Abraham and the First Planetarium

In Parshat Lech Lecha, we find Genesis 15:5, a great verse for astronomical commentaries and homiletics, for fairly obvious reasons:

וַיּוֹצֵ֨א אֹת֜וֹ הַח֗וּצָה וַיֹּ֙אמֶר֙ הַבֶּט־נָ֣א הַשָּׁמַ֗יְמָה וּסְפֹר֙ הַכּ֣וֹכָבִ֔ים אִם־תּוּכַ֖ל לִסְפֹּ֣ר אֹתָ֑ם וַיֹּ֣אמֶר ל֔וֹ כֹּ֥ה יִהְיֶ֖ה זַרְעֶֽךָ׃

He took him outside and said, “Look toward heaven and count the stars, if you are able to count them.” And He added, “So shall your offspring be.”

The medieval commentator Radak, Rabbi David Kimchi, comments on this verse:

ויוצא אתו החוצה, באהלו באה לו הנבואה והוציאו מאהלו במראה הנבואה לחוץ לראות את הכוכבים, וכן ותבא אתי ירושלימה במראת א-להים (ויחזקאל ח’ ג’) ומתחלה אמר לו שיהיו כעפר הארץ ועכשיו אמר לו שיהיו ככוכבי השמים והכל דרך הפלגה, כמו שכתבנו, וגם כתבנו הדרש

“He took him outside” The prophecy came to him in his tent, and He took him [Abraham] out of his tent in a prophetic vision to see the stars.

Similarly,  in Ezekiel 8:3 “He brought me to Jerusalem in visions of God;” Initially He told him [Abraham] that they [his offspring] will be “like the dust of the earth,” now it is described as “as numerous as the stars in heaven.” Both statements, of course, have to be understood as exaggerations, as we pointed out already on 13,16. We also mentioned the allegorical explanations offered on that verse.

So, according to Radak, Abraham stayed inside his tent and saw the stars in a prophetic show while inside the tent – the world’s first planetarium!

Rashi has a similar comment, based on the Midrash:

דבר אחר הוציאו מחללו של עולם והגביהו למעלה מן הכוכבים, וזהו לשון הבטה מלמעלה למטה:

Another explanation: He took him out of the terrestrial sphere [or lit. “sphere of the world”, or the Universe] and lifted him above the stars. This explains the expression of הַבָּטָה, looking down from above (Gen. Rabbah 44:12).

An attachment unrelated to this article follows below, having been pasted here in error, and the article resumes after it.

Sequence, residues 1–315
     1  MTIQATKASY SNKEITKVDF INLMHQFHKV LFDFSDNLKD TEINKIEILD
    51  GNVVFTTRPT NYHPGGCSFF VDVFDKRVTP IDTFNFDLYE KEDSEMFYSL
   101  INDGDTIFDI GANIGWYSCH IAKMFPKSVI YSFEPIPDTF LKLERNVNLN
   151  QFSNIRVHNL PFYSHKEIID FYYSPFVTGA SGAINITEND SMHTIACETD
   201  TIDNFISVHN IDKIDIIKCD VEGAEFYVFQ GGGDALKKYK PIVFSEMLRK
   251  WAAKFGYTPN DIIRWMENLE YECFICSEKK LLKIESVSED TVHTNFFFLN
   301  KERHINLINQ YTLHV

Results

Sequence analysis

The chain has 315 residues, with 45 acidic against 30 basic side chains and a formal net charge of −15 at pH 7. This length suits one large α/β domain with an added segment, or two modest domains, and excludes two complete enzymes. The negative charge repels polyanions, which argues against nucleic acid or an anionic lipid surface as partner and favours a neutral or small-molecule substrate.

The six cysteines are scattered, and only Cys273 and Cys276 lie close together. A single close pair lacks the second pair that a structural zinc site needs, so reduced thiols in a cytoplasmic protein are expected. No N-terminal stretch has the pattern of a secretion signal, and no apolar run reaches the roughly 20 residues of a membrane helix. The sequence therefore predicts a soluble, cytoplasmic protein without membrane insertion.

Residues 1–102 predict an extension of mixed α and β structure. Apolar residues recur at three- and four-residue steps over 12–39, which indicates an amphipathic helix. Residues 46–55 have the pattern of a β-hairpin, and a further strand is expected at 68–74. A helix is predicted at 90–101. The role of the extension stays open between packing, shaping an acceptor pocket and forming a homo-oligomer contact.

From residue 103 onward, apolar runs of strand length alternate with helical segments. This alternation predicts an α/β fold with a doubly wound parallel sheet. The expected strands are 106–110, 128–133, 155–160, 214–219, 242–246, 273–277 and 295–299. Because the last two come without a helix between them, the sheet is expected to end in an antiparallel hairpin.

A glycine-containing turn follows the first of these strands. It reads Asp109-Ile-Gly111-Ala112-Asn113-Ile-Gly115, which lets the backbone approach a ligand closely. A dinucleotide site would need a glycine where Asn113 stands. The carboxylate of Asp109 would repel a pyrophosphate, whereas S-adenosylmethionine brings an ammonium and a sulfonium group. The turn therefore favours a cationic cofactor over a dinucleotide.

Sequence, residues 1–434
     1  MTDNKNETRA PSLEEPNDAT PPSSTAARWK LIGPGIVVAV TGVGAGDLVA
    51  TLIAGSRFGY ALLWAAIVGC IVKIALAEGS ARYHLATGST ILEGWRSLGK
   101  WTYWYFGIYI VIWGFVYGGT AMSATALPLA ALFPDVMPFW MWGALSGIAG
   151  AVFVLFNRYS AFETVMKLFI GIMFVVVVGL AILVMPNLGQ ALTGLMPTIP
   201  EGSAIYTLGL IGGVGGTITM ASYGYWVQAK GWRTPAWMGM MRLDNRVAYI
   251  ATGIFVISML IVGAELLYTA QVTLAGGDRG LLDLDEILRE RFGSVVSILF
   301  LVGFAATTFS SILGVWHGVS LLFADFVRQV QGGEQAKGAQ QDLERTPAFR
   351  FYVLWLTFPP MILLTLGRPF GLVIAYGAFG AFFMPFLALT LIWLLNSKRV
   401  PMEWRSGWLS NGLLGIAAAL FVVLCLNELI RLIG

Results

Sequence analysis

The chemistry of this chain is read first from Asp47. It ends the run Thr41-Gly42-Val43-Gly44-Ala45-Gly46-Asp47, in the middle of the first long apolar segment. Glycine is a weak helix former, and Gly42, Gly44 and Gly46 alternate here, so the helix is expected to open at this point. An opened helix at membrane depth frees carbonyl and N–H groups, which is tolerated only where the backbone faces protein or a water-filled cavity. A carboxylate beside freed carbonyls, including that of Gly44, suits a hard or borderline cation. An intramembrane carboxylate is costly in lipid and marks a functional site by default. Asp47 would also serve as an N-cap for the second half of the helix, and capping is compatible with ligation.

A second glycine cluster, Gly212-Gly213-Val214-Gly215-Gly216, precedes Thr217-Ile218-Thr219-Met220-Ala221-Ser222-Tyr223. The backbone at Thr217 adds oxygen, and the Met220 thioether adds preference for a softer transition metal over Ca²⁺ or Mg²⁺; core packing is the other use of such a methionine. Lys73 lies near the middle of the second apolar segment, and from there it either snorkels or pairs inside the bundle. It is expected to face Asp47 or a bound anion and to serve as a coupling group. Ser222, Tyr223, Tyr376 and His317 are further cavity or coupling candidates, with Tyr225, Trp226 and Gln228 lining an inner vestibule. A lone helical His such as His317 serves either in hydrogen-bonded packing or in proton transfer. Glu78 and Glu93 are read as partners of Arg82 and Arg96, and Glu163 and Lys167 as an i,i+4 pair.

Celestial Sphere model of sky, showing constellations and Celestial Poles (from Cosmic Perspective, from Pearson)
Celestial Sphere model of sky, showing constellations and Celestial Poles

The original of the midrash that Rashi cites, Genesis Rabbah 44:12, has even more to it:

ויוצא אותו החוצה

רבי יהושע דסכנין בשם רבי לוי: וכי מחוץ לעולם הוציאו, שאמר הכתוב: ויוצא אותו החוצה?! אלא, אחוי ליה שוקקי שמיא, היך מה דאת אמר: עד לא עשה ארץ וחוצות

אמר רבי יהודה בשם ר’ יוחנן: העלה אותו למעלה מכיפת הרקיע, הוא דאמר ליה: הבט נא השמימה, אין הבטה אלא מלמעלה למטה

And He brought him forth without — ha-huzah (xv, 5).

Joshua said in R. Levi’s name: Did He then lead him forth without the world, that it says, And He brought him forth without? It means, however, that He showed him the streets of heaven, as you read, While as yet He had not made the earth, nor the outer spaces — huzoth (Prov. vm, 26).

[Note: “Outer space”!!! This is not my own translation but that of Rabbi Dr. H. Freedman, B.A., Ph.D. and Maurice Simon, M.A. from the Soncino Ed. of Midrash Rabbah]

Judah b. R. Simon said in R. Johanan’s name: He lifted him up above the vault of heaven ; hence He says to him, Look (habbet) now toward heaven, habbet signifying to look down from above.

All of these different comments on the verse describe some form of planetarium-like “sky show” – in a prophetic vision, of course.

Ralbag, Rabbi Levi ben Gershon, has another interesting comment on this verse. He explains that in Abraham’s time people did not yet know the number of stars. Hence it must have seemed a very large number. This flows from the fact that in Ralbag’s own time – the middle ages – they did know the number of stars in the sky… or at least the number of visible stars in the sky.

In fact, ancient astronomers probably knew this number approximately as well as medieval astronomers did. The total number of visible stars in the sky is in, fact, not so huge; roughly about 9,000. (Ancient and medieval astronomers may have not known all the ones in the southern hemisphere, etc. but that would have been true for both eras.)

That being the case, how is God’s promise to Abraham so great? Perhaps that’s where the prophetic planetarium comes in. The actual number of stars in the sky – i.e. in the Universe – is far, far greater than the paltry number that are visible to the naked eye.

In our Milky Way galaxy, there are roughly 1011, or one hundred billion, stars. There are roughly a similar number of galaxies in the known Universe. Multiplying those together yields an estimated 1022 stars – a truly mind boggling number! Now that’s a huge promise!

But in order to communicate that to Abraham, taking him outside his tent to look at the visible stars would be irrelevant. God had to show it to Abraham in a vision – like the way a planetarium show takes its audience on a ride through space that they could never have seen from Earth itself.

That’s God’s astronomical vision and promise to Abraham!

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